Press Releases

    25 November 2004

    Record Opium Cultivation in Afghanistan Is a Threat to Central Asia and CIS Countries

    VIENNA, 25 November (UN Information Service) -- According to the Afghanistan Opium Survey 2004, just released by the United Nations Office on Drugs and Crime (UNODC), opium cultivation in Afghanistan grew by 64 per cent in 2004, a statistic which promises increased trafficking and a steady supply of high-grade heroin for Central Asia and the Commonwealth of Independent States (CIS).

    Announcing the Survey findings to the Permanent Council of the Organization for Security and Co-operation in Europe (OSCE), Antonio Maria Costa, Executive Director of UNODC, stated, “With 131,000 hectares dedicated to opium farming, this year Afghanistan has established a double record -- the highest drug cultivation in the country’s history, and the largest in the world.”

    “In Afghanistan, drugs are now a clear and present danger,” added Mr. Costa. “Central Asian neighbours, particularly Tajikistan with its direct borders to the northern Afghan provinces, and also Turkmenistan and Uzbekistan, can expect  major increases in trafficking. The strongest increases in opium production were indeed in the northern (+132 per cent) and north-eastern provinces (+39 per cent) of Afghanistan.”

    “Afghan annals will record 2004 as contradictory. Political progress towards democracy culminated in the near plebiscite election of President Karzai. For this splendid accomplishment we all salute President Karzai’s courage and determination. Yet, opium cultivation, which has spread like wildfire throughout the country, could ultimately incinerate everything  -- democracy, reconstruction and stability,” noted Mr. Costa in the Survey’s preface.

    According to the UN report “…opium cultivation has spread to all of Afghanistan’s 32 provinces, making narcotics the main engine of economic growth: valued at US$2.8 billion, the opium economy is now equivalent to over 60 per cent of Afghanistan’s 2003 GDP. “ This increase in cultivation  also represents a  growing and significant health risk: 30 per cent of  the heroin produced in Afghanistan leaves the country via Central Asia, a region where heroin addiction, the accompanying risk of  HIV/AIDS, and drug-related deaths are on the rise.   

    The UNODC Executive Director indicated there were also reasons to be encouraged: “Countries neighbouring Afghanistan have committed themselves to strong bilateral and sub-regional cooperation against drug trafficking, part of the Good Neighbourly Relations Declaration signed in Berlin in April 2004. Under this new effort, Afghanistan, Iran and Pakistan will work together closely on new joint border control measures.”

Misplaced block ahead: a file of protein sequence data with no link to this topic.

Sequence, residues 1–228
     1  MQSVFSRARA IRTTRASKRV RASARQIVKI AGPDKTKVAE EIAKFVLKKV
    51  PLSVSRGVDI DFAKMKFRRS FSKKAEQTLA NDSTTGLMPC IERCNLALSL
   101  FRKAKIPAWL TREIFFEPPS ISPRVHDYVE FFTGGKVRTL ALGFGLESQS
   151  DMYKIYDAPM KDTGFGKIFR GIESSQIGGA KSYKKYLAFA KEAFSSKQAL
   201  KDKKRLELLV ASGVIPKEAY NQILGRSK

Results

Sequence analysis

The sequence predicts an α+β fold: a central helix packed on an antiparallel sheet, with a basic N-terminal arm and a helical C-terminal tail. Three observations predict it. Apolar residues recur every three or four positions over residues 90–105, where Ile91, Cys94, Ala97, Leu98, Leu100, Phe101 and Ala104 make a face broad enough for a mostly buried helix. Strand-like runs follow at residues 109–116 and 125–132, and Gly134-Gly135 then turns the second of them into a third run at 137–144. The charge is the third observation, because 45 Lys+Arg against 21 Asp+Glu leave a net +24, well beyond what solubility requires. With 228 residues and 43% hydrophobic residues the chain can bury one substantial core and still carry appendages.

Mr. Costa has asked the Afghan government to pursue four goals in 2005:

    (i)   a significant eradication campaign; 

    (ii)  prosecution of major drug trafficking cases;

    (iii) measurable actions against corruption in government;

    (iv) a reinforced counter-narcotics structure. 

    Because of the strong links between drugs and terrorism, Mr. Costa called on the international community, funding partners, the North Atlantic Treaty Organization (NATO) and the Enduring Freedom Coalition forces to engage in commensurate initiatives to support the Afghan government’s counter-narcotic drive.

    These include:

    (i)   measures to alleviate poverty in the countryside;

    (ii)  military operations against labs and traffickers’ convoys;

    (iii) support to fight corruption within the army, the police, the provincial administrations and the judiciary;

    (iv) enhanced assistance for the improvement of the judicial system. 

    Mr. Costa continued, “Drug developments in Afghanistan contradict trends in the rest of the world. Drug production is decreasing on every continent. Cocaine production in the Andean region has decreased by 30 per cent in the last three years.  In South-East Asia, opium production has diminished by 75 per cent and the Golden Triangle -- which still evokes tragic memories of drug addiction and death -- may soon be declared drug free. Morocco is also reducing the cultivation of cannabis.”

    “In counter-narcotics, there is no silver bullet. The opium economy in Afghanistan has to be dismantled with democracy, the rule of law and economic improvement. It cannot be done ruthlessly as it was done by the Taliban, nor with mindless disregard for the country’s poverty.  It would be a historical error to abandon Afghanistan to opium, right after we reclaimed it from the Taliban and Al Qaeda,” concluded UNODC’s Executive Director.


    Fact Sheet - Afghanistan Opium Survey 2004


    On 2003


    Net opium poppy cultivation

    131,000 ha

    + 64%

    80,000 ha

        % of agricultural land



        number of provinces affected

    32 (all)


    Average opium yield

    32 kg/ha

    45 kg/ha

    Production of opium

    4,200 mt


    3,600 mt

         % of world opium production  



    Households cultivating opium


    + 35%


    People cultivating opium

    2.3 million

    1.7 million

         % of total population (23 million)



    Average farm price of fresh opium


    - 67%


    Afghan export value of opium

    US$2.8 billion

    + 22%

    US$2.3 billion

         % of 2003 GDP (US$ 4.6 billion)



          - gross profits of Afghan traffickers

    US$2.2 billion


    US$1.3 billion

          - farm value of opium production

    US$0.6 billion

    - 41%

    US$1.02 billion

    Yearly income to opium families


    - 56%


    Per capita income to opium families

    US$ 260

    - 56%


    Afghanistan’s GDP per capita




    Gross income from opium per ha.


    - 64%


    Gross income from wheat per ha.


    - 17%